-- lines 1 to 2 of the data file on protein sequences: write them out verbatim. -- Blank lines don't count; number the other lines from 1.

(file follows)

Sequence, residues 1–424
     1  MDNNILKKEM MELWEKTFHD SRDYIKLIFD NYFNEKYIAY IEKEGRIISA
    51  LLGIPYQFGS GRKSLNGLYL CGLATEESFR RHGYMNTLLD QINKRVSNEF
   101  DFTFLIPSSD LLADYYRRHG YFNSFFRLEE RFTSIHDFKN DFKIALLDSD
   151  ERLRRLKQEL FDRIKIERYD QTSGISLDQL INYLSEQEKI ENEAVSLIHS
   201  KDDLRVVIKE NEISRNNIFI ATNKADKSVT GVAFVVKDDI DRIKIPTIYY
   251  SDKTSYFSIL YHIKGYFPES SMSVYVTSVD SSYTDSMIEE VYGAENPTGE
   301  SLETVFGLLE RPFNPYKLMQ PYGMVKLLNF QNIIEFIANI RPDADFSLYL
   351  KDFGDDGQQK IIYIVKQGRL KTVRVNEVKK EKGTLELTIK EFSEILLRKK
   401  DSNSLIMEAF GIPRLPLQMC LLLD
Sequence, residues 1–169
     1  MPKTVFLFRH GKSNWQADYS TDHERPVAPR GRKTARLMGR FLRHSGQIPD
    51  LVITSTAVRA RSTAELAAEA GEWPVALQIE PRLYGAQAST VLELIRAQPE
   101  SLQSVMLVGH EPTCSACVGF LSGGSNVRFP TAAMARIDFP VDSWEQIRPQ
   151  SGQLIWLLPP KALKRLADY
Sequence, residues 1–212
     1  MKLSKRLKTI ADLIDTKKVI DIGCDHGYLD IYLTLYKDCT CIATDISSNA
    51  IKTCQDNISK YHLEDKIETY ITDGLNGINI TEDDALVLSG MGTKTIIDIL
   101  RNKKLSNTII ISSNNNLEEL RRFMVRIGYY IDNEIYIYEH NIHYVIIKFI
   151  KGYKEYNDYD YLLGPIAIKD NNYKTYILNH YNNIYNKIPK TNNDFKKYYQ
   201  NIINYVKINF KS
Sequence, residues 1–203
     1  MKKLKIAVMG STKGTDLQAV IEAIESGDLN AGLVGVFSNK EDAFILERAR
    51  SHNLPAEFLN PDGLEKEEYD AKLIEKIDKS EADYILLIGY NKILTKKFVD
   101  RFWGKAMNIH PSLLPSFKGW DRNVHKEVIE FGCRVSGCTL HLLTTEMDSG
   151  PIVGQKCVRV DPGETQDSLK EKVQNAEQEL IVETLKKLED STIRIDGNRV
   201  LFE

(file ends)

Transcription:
Sequence, residues 1–424
     1  MDNNILKKEM MELWEKTFHD SRDYIKLIFD NYFNEKYIAY IEKEGRIISA